Ravel's Boléro. Next to most of the soundtrack to Koyaanisqatsi, it's possibly the most repetitive piece of music ever written, amiright (respect, Philip Glass)? As it turns out, I am wrong, so wrong. In fact, Boléro is a piece built entirely around change. Howard Pollack, professor at Moores School of Music, author, lecturer, and guest on BBC specials and NPR shows like Morning Edition and Fresh Air, is our tour guide through this amazing piece of music by a very subtle and sneaky composer. Audio production by Todd "Treble Clef" Hulslander with bass clef by Dacia Clay. Music in this episode: - "Dance of the Sugar Plum Fairy" from The Nutcracker Suite by Pyotr Ilyich Tchaikovsky - Boléro by Maurice Ravel as performed by Orchestre Symphonique de Montréal, conducted by Charles Dutoit For more about Howard Pollack: www.uh.edu For more about Classical Classroom: www.houstonpublicmedia.org/classroom We're also on iTunes and Stitcher Radio!

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37. Classical Classroom, Episode 78: George Gershwin is Alt Classical, with Simone Dinnerstein

Classical Classroom, Episode 78: George Gershwin is Alt Classical, with Simone Dinnerstein

"Indie-Classical", "Alt Classical", "Nonclassical"... whatever you want to call it, George Gershwin may have been one of the first people to do it. Pianist Simone Dinnerstein explains Gershwin's sound, its French influences, and what makes it uniquely classical. Audio production by Todd "Teeny" Hulslander with editing by Mark DiClaudio, and one giant leap by Dacia Clay. Music in this episode: - "Rhapsody in Blue" by George Gershwin, from Simone Dinnerstein's new album, Broadway-Lafayette. - "An American in Paris" by George Gershwin. For more about Simone Dinnerstein: www.simonedinnerstein.com For more Classroom: www.houstonpublicmedia.org/classroom

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38. Classical Classroom, Episode 47: 500 Megatons of Tuba with Øystein Baadsvik

Classical Classroom, Episode 47: 500 Megatons of Tuba with Øystein Baadsvik

Learn 100% more about the tuba in this episode than you've ever known! Norwegian tuba soloist and chamber musician Øystein Baadsvik is the only tuba virtuoso in the world to make a career exclusively as a soloist. He is also the only tuba player in the world to have a great story about touring with a punk band. He joins us all the way from Norway to tell us about this shadowy instrument: its size, its repertoire, and its fnugg. For more about Øystein Baadsvik: www.baadsvik.com. For more about Classical Classroom: www.houstonpublicmedia.org/classroom. Audio production by Todd "Tall Texan" Hulslander with slings and arrows by Dacia Clay. Music in this episode: - Bass Tuba Concerto in F Minor, 1st mvmt, by Ralph Vaughn Williams. Performed by Øystein Baadsvik. - Concerto for Tuba and Orchestra 1st mvmt, by John Williams. Performed by Øystein Baadsvik. - Fnugg from The Front Row - Reserved (a Houston Public Media compilation CD). Performed by Øystein Baadsvik. - Fnugg from YouTube video: http://www.youtube.com/watch?v=3Q19Kcgvgjs - Blood Sweat and Tears tuba solo: http://www.youtube.com/watch?v=ciPI7U1VEhE - The Cod Lovers - Encounters II for solo tuba, performed by Roger Bobo - Csárdás by Vittorio Monti, performed by Øystein Baadsvik. - Ordner seg (It'll Be All Right) from Ferry Tales by Øystein Baadsvik. - Winter from the Four Seasons Concerto by Antonio Vivaldi, performed by Øystein Baadsvik. PS, The title for this show was inspired by a great band called 500 Megatons of Boogie. You can find out more about them here: www.reverbnation.com/500megatonsofboogie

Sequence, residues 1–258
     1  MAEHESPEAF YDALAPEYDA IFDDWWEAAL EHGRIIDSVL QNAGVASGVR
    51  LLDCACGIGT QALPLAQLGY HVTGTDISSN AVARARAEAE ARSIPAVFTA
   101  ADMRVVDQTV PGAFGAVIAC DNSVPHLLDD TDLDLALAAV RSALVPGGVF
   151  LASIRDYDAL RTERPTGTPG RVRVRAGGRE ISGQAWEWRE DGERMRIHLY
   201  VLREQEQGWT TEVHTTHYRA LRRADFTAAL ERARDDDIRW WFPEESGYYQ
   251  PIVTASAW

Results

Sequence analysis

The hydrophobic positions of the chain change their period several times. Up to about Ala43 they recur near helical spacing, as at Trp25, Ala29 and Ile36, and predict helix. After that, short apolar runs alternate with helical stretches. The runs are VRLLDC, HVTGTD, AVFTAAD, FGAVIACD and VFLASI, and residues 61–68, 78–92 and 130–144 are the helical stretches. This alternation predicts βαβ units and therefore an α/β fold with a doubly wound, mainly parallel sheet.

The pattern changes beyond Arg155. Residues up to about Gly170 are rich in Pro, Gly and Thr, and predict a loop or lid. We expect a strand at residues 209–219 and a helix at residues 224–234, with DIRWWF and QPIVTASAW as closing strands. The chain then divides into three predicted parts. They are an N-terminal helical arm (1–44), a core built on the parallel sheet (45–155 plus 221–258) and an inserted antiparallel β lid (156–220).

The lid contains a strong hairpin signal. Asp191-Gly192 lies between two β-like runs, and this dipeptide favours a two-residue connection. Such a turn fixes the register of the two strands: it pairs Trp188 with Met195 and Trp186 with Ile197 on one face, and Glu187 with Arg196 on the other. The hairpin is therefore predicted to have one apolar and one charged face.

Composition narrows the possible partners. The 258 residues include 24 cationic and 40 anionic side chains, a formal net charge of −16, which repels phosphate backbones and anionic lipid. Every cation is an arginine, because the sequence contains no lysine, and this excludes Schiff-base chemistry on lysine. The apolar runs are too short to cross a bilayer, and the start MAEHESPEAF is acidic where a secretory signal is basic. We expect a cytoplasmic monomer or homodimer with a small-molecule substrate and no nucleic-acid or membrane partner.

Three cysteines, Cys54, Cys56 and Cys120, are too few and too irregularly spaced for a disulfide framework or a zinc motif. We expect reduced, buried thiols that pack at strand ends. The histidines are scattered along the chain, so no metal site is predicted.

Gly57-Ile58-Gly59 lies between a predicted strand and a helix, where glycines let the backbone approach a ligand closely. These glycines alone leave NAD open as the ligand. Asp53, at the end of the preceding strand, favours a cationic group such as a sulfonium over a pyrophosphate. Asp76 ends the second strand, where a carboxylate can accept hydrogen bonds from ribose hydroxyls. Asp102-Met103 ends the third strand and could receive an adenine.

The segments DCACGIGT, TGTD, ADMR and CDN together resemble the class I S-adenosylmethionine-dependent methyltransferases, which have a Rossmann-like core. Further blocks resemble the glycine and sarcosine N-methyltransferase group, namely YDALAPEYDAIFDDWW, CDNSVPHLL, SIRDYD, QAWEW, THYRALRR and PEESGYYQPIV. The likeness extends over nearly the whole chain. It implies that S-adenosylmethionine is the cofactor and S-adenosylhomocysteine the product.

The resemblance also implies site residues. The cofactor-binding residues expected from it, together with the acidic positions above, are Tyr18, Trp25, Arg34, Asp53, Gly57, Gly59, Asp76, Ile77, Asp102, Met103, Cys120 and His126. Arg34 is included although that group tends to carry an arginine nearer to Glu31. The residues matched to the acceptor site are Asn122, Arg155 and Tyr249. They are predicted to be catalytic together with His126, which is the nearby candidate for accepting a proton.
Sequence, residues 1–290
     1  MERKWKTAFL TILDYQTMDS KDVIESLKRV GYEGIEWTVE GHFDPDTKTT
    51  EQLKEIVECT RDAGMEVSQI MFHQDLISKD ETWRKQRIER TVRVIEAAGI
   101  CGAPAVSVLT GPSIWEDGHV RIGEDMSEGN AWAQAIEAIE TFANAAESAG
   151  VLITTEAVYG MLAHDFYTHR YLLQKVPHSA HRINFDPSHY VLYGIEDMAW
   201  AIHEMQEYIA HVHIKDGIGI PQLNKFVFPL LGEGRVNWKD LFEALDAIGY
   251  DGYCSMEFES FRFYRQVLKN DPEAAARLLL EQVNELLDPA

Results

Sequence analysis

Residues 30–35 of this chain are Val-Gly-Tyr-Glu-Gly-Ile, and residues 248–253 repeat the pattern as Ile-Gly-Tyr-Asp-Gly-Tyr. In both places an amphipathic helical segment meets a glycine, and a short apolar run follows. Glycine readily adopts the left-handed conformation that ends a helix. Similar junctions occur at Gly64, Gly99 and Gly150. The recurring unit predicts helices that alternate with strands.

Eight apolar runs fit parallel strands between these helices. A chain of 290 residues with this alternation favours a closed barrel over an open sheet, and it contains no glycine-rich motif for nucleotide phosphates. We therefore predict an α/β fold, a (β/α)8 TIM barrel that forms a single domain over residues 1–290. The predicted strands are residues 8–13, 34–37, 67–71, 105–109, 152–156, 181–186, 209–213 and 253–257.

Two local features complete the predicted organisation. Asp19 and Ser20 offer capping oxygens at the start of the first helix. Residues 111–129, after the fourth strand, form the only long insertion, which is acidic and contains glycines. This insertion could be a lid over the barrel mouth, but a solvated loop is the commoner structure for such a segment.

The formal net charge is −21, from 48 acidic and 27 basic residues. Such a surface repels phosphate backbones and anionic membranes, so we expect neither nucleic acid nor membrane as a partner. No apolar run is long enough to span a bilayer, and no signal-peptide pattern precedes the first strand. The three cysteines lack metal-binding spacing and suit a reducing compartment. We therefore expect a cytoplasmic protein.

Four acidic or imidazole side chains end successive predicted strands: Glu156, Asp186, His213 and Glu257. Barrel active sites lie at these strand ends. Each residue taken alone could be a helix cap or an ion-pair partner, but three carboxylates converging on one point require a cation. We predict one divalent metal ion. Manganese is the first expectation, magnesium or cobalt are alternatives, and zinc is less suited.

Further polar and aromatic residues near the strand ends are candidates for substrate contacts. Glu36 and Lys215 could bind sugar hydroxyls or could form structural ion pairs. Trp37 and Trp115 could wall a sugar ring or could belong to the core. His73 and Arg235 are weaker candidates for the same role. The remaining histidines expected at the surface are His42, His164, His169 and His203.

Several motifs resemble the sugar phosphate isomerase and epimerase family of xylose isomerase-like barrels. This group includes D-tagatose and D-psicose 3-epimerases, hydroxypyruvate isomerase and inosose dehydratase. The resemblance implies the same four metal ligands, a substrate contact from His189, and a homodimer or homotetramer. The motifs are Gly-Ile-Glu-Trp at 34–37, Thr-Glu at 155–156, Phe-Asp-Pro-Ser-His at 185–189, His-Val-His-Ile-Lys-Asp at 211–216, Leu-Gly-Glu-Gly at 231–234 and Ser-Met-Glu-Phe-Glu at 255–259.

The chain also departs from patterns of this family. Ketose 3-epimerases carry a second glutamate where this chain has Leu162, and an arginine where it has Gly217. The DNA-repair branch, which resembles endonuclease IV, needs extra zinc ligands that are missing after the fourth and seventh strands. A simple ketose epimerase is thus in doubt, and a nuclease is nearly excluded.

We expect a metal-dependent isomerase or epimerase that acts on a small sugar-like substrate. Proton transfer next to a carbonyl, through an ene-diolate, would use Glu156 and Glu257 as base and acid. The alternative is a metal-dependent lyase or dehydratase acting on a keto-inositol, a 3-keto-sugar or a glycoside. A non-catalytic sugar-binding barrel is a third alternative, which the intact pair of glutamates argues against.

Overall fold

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39. Classical Classroom, Ep 85: Mandolin Man, Avi Avital

Classical Classroom, Ep 85: Mandolin Man, Avi Avital

While we are cooking up new episodes for your enjoyment, please enjoy this delicious dish from our archives. Don’t miss Avi’s recent in-studio performances at WQXR, btw! ——————————————- According to Deutsche Grammophon recording artist Avi Avital, while the bass is not bad, it’s more about that mandolin. Which is also what this whole episode is about! Avi tells all: Where did the mandolin come from? Who composes for it? Why does he advocate for such a strange instrument? And how much did he play that one REM song in high school? Learn all of this and more right here! Audio production by Todd “Terrific” Hulslander with electric slides by Dacia Clay and editing by Mark DiClaudio. Music in this episode: -The Music of Brazil / Jacob do Bandolim, Vol. 1 / Recordings 1949 – 1958. “Choro de varanda”. -Mike Marshall and Chris Thile: “Fisher’s Hornpipe”. From Into the Cauldron. -Hamilton ee Holanda: Choro Caprice for Caprichos. -Ludwig van Beethoven: Sonatina for Mandolin and fortepiano in C Major. Diego Fasolis and Duilio Galfetti. -Domenico Scarlatti: Mandolin Sonata in D minor Allegro. Camerata Mandolinos Classico. -Wolfgang Amadeus Mozart: Don Giovanni, “Deh vieni alla finestra”. -Johann Nepomuk Hummel: Mandolin Concerto in G major, S. 28. -REM: “Losing My Religion” from Out of Time. -Antonio Vivaldi, from Avi Avital’s CD Vivaldi: Concerto in A minor RV 356 -Largo from Converto in C major RV 443 Concerto in G minor RV 315 “Summer” from The Four Seasons. For more about Avi Avital: www.aviavital.com.

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40. Classical Classroom, Episode 79: The Women of Classical Guitar with Valerie Hartzell

Classical Classroom, Episode 79: The Women of Classical Guitar with Valerie Hartzell

It's Women's History Month, and all month, we are bringing you amazing women in classical music! In this episode, guitarist Valerie Hartzell, creator/director of the Classical Minds Festival and Competition, talks about the ladies of classical guitar. Who are they? Why did their numbers diminish over time? And what can we do about it?? Audio production by Todd "Not Tony Danza" Hulslander with editing by Mark DiClaudio and bossing by Dacia Clay. Music in this episode: - "Rosita" by Francisco Tarrega. Played live in studio (also available on Valerie's Ex Tenebris Lux CD). - Chaconne in G Major by George Frideric Handel. Played by Ida Presti and Alexandre Lagoya. For more about Valerie Hartzell: www.valeriehartzell.com For more Classroom: www.houstonpublicmedia.org/classroom